(Editor's note: Sen. Jeff Merkley, D-Oregon, voted against the recent bill raising the U.S. debt ceiling. This opinion piece explains why.)
I spent several days immersed in the details of this budget deal, trying to understand its real-world impact on Oregon's middle class and small businesses. I have a single, simple measure to evaluate this proposal: Is it going to create greater opportunities for prosperity and success for working Americans? Unfortunately, I have concluded that it will not, and so I cannot support it.
First, this deal will contribute to the gathering storm threatening to make our current unemployment crisis even worse. Our unsustainable deficits are absolutely a long-term challenge that we must address. But millions of Oregonians and Americans are out of work right now. And with at least 5 million foreclosures looming, with the expiration of extended unemployment benefits forecast to cost half a million jobs next year, with the payroll tax holiday ending and costing another estimated 900,000 jobs in 2012, we should be relentlessly preoccupied with how to create more jobs. Instead, this package will add to the job losses, repeating the mistakes that have caused prolonged economic slumps in this country and elsewhere.
Second, this deal will do serious damage to the programs that middle class Americans depend on. The bulk of the deficit reduction is piled onto that small part of the budget that funds things such as Head Start, college financial aid, research into clean energy and medical cures and safeguards against contaminated food and polluted air and water. These sorts of programs combined are less than one-fifth of the budget. And we are spending the same amount on them today in a real-dollars, per-person basis, as we did in 2001. Yet these programs -- critical to helping families in tough times, to giving kids the tools they need to succeed and to keeping our economy competitive so there are good jobs in the future - would endure as much as 15 percent in cuts. Mortgaging the middle class's future and increasing their burdens now do not make America stronger.
Moreover, while all reasonable people can understand the need for belt-tightening to bring down our unsustainable deficits, this plan exempts the wealthy and well-connected. The many subsidies and entitlements that they enjoy are tucked away in the tax code, which has been put off- limits. So despite the dramatic increases in income of the best off in our nation since 2000, the sweetheart deals that litter the tax code are protected.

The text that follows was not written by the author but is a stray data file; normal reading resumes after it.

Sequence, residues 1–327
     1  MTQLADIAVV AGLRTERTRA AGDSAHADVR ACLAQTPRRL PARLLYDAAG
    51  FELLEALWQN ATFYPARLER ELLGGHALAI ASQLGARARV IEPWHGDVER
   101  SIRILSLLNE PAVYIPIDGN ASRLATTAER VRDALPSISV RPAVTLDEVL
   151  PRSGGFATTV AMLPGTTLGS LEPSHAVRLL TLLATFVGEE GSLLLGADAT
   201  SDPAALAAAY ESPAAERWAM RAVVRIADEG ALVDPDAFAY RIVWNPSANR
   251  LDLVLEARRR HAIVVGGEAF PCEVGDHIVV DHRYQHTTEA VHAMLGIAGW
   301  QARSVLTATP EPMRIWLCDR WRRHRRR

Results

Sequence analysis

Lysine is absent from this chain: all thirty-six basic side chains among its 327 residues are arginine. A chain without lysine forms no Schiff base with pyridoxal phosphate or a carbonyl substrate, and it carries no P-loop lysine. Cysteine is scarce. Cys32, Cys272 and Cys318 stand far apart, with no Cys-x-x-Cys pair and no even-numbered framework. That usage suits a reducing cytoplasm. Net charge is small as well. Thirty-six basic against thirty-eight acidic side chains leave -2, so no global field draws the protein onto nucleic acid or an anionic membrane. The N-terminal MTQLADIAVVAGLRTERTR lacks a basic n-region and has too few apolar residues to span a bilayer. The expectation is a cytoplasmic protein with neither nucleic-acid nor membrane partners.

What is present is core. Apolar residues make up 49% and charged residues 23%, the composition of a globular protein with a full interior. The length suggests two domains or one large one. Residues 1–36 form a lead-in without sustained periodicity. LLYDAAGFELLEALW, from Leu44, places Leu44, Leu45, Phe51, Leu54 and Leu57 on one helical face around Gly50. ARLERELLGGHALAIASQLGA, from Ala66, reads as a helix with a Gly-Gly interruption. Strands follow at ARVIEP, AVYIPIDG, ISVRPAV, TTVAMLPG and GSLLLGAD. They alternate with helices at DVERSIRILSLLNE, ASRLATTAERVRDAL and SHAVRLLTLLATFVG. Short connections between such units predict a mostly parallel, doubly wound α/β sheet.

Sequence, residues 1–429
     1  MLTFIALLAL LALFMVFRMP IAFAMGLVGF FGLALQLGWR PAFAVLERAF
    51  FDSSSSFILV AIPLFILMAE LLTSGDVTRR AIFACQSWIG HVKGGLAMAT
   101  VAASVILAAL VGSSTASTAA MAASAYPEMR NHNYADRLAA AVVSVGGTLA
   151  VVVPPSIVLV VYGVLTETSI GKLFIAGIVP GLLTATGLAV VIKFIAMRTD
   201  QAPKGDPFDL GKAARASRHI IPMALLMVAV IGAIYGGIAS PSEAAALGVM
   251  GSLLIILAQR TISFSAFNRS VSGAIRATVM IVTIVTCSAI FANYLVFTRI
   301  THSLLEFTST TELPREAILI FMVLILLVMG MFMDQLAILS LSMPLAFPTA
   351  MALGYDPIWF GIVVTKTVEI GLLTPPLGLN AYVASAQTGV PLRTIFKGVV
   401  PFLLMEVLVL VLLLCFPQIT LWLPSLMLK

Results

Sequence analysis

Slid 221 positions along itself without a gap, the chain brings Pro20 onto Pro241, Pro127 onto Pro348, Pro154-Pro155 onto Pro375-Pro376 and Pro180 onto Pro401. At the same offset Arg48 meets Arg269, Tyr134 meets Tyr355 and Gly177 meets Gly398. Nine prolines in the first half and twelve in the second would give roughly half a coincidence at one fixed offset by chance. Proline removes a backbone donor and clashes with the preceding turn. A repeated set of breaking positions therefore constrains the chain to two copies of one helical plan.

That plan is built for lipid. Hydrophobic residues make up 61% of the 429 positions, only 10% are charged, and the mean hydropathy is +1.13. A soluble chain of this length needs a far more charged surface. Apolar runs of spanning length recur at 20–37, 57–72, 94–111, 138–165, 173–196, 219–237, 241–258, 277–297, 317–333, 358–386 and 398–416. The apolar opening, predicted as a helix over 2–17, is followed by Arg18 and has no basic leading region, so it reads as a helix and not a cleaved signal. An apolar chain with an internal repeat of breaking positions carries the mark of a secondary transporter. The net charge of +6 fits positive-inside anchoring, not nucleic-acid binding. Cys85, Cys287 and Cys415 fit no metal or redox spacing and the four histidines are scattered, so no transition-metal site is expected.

Finally, this flawed product is the result of irresponsible threats to torpedo the economy by refusing to pay America's bills. The editorials are full of phrases like "extortion," "hostage-taking" and "lunacy." President Reagan himself said, "This brinkmanship threatens the holders of bonds and those who rely on veterans benefits. Markets would skyrocket, instability would occur and the federal deficit would soar. The United States has a special responsibility to itself and to the world to meet its obligations.'"
A default would be enormously damaging to every American, and I respect and value the hard work of the president and Sen. Harry Reid to avoid that calamity despite the unreasonable ransom demands they were facing. But at some point, we must finally stand up for the middle class and insist that their jobs and their futures be our priority, or this ugly drama will repeat itself again and again.
I am fully committed to work toward real compromise, one that asks for sacrifice from everyone who can afford it to tackle our long-term debt challenges. I'm prepared to make hard choices when those choices are necessary to solve our nation's challenges and make it stronger. However, I cannot endorse a process that will worsen our economy, burden middle-class families, reduce our children's opportunities in the future and doesn't ask those who have so much already to contribute one thin dime.
Somewhere in the frenzy of economic anxiety, ideology, and electoral politics, Washington has lost its way. The greatness of America and the strength of our economy cannot be separated from the well-being of the American middle class. If we continue to sacrifice their prosperity to subsidize the well-off and well-connected, we sacrifice America's future.